Sixty-second Session

Rome, 12-15 January 1999


Table of Contents





APPENDIX - List of documents


1. The Twelfth Session of the Intergovernmental Group on Citrus Fruit was held in Valencia, Spain from 22-25 September 1998. It was attended by 102 delegates from the following members: Argentina, Austria, Brazil, China, Cuba, European Community, France, Germany, Greece, Guatemala, India, Indonesia, Israel, Italy, Morocco, Netherlands, Spain, Tunisia, United States of America and Uruguay. In addition, observers from the following organizations attended: the International Trade Centre UNCTAD/WTO, the Association of the Industry of Juices and Nectars from Fruits and Vegetables of the European Union (AIJN), the Common Fund for Commodities, the Confederation of Importers and Marketing Organizations in Europe of Fresh Fruit and Vegetables (CIMO), the Liaison Committee of Mediterranean Citrus Fruit Culture (CLAM), the European Union of the Fruit and Vegetable Wholesale, Import and Export Trade (EUCOFEL) and the International Society of Citriculture (ISC).

2. The opening ceremony was presided by Ms Mª. Angeles Ramón-Llin Martínez, Consellera de Agricultura, Pesca y Alimentación of the Generalitat Valenciana. The Group was also addressed by Mr Manuel Lamela Fernández, Subsecretario from the Ministry of Agriculture, Fisheries and Food, and, by Ms Paola Fortucci, Chief, Raw Materials, Tropical and Horticultural Products Service, on behalf of the Director-General of FAO.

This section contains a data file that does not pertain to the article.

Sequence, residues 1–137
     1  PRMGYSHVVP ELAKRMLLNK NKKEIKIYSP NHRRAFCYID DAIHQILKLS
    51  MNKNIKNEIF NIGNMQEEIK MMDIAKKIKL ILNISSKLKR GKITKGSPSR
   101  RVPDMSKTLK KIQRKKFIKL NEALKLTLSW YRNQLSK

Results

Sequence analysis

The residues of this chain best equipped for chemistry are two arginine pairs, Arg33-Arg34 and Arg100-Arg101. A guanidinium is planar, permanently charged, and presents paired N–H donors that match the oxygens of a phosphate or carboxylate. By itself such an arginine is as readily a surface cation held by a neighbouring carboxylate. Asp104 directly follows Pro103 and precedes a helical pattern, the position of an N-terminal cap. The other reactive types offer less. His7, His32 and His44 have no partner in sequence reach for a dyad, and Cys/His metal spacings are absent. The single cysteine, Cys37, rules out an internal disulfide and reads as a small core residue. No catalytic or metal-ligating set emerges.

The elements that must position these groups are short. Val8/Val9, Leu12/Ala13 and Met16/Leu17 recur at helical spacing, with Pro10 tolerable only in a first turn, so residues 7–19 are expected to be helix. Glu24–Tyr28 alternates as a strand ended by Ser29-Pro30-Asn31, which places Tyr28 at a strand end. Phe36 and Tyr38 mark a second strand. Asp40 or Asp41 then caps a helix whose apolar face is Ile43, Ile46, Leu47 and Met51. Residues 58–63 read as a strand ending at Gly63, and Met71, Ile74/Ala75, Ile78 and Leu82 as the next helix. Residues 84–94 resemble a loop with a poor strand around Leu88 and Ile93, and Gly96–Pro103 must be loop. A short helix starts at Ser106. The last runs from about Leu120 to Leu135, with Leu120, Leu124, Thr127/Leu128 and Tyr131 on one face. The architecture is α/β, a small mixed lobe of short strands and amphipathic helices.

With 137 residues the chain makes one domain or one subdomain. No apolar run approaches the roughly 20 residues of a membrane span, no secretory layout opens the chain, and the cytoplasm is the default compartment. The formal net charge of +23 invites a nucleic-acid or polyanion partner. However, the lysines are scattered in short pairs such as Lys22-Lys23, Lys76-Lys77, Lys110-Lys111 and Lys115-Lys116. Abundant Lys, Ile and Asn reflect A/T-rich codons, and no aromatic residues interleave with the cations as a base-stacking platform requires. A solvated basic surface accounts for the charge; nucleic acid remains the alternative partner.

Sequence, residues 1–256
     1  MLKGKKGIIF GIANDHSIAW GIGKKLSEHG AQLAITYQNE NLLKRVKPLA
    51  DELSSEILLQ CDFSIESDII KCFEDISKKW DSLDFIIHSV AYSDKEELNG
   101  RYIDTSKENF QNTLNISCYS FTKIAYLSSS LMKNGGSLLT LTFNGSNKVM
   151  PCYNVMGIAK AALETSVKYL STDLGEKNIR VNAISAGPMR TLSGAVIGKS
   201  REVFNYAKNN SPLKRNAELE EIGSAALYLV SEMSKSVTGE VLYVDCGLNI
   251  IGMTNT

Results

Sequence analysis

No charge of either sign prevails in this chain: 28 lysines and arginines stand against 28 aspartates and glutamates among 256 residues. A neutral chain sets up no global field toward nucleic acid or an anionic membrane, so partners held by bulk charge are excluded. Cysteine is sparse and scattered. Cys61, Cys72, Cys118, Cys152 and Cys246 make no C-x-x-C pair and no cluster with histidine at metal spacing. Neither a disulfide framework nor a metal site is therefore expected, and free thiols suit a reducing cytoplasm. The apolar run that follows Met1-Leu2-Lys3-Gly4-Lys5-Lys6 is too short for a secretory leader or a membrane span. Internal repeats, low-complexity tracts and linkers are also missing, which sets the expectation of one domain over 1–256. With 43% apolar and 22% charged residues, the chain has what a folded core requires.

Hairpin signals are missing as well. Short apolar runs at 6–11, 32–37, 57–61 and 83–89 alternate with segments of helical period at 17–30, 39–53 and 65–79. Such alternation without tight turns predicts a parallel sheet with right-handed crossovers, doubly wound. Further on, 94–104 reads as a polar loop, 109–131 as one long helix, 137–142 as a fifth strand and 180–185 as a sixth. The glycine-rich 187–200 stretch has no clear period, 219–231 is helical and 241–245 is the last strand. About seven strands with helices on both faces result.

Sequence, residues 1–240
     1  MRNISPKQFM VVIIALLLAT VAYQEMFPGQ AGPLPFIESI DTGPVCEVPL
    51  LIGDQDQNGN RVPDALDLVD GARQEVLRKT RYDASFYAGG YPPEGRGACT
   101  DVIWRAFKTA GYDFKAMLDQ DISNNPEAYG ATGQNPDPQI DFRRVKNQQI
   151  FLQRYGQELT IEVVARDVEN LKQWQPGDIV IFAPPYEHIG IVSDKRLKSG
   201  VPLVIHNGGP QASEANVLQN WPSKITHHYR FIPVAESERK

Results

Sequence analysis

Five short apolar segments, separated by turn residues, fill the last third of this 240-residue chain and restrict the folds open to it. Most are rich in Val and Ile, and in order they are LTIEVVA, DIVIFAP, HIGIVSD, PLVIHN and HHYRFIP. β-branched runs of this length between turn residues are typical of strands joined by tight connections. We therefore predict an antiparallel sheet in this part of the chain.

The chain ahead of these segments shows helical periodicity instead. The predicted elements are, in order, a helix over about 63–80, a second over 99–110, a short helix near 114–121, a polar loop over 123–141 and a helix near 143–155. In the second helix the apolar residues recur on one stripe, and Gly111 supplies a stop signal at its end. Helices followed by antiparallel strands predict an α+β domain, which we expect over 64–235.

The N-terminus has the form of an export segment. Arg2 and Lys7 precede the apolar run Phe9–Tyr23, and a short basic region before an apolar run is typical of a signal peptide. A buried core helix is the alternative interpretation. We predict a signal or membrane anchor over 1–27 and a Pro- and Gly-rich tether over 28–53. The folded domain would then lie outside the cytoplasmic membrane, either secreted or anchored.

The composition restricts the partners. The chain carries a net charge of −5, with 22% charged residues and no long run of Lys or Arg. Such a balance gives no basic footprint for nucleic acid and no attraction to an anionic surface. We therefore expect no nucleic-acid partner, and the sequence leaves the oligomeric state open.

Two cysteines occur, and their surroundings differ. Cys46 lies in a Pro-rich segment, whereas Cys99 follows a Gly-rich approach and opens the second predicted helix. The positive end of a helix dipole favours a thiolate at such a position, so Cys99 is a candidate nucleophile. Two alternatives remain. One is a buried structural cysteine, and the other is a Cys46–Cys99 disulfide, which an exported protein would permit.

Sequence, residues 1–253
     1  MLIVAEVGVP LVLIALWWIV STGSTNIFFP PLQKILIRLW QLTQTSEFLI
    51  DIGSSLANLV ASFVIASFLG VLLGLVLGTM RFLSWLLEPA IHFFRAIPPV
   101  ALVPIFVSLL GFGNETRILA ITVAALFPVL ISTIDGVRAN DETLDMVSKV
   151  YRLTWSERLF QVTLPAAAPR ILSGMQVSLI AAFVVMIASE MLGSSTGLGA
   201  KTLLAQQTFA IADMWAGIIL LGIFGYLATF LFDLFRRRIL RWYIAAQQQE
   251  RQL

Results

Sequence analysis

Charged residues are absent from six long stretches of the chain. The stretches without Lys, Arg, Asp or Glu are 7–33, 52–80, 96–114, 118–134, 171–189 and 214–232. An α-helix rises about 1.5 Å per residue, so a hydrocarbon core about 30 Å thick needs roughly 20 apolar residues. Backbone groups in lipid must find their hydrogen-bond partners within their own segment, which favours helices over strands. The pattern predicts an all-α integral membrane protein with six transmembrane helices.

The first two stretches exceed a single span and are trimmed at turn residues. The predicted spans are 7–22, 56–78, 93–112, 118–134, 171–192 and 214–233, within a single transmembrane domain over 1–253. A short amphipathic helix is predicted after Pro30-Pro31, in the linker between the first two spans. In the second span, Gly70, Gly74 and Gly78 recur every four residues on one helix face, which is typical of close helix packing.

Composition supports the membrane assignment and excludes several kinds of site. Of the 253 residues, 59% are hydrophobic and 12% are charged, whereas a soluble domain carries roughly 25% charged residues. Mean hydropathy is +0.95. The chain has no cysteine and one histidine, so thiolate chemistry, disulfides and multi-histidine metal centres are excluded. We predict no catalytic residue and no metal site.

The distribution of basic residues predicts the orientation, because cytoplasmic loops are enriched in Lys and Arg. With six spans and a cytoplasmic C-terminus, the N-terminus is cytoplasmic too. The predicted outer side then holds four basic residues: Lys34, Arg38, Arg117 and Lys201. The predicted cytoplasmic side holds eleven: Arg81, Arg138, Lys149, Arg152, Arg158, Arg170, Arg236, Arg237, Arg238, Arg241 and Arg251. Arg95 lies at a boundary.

3. The Group elected Mr Manuel Gonzalo (Spain) as Chairperson and Mr Liu Xing (China) and Mr Miguel Alfredo Ferré (Argentina) as Vice-Chairpersons.

4. The Session adopted the provisional agenda, circulated as document CCP: CI 98/1.



5. The Group took note of the information on recent market developments tabled in document CCP: CI 98/CRS.1. Country statements by many delegates were also tabled as conference series documents for information purposes. The Group expressed appreciation for these contributions which enhanced its understanding of production and trade developments in the respective countries, and aided the assessment of market prospects for the 1998/99 season.

6. Commenting on the market situation in economies in transition (area of the former USSR and eastern Europe) with the assistance of document CCP: CI 98/2, the Group expressed concern over the serious financial situation prevailing in some of these countries which could considerably limit their ability to import citrus. The Group drew attention to the possible adverse effects that a further reduction in imports in these markets could have on fresh citrus prices. The Group concluded that the continued monitoring of these and other markets remained a high priority.

7. When discussing the market outlook for mandarins in the United States with the assistance of document CCP: CI 98/3, the Group concluded that some opportunities for further growth existed in this market. However, one delegate noted the difficulties faced in gaining access to this market. The Group noted that increased clementine imports inton the United States in recent years, particularly in 1997/98, had been underpinned by temporary shortfalls in domestic production. The potential response of domestic supply to increased demand should be taken into account in evaluating longer-term prospects.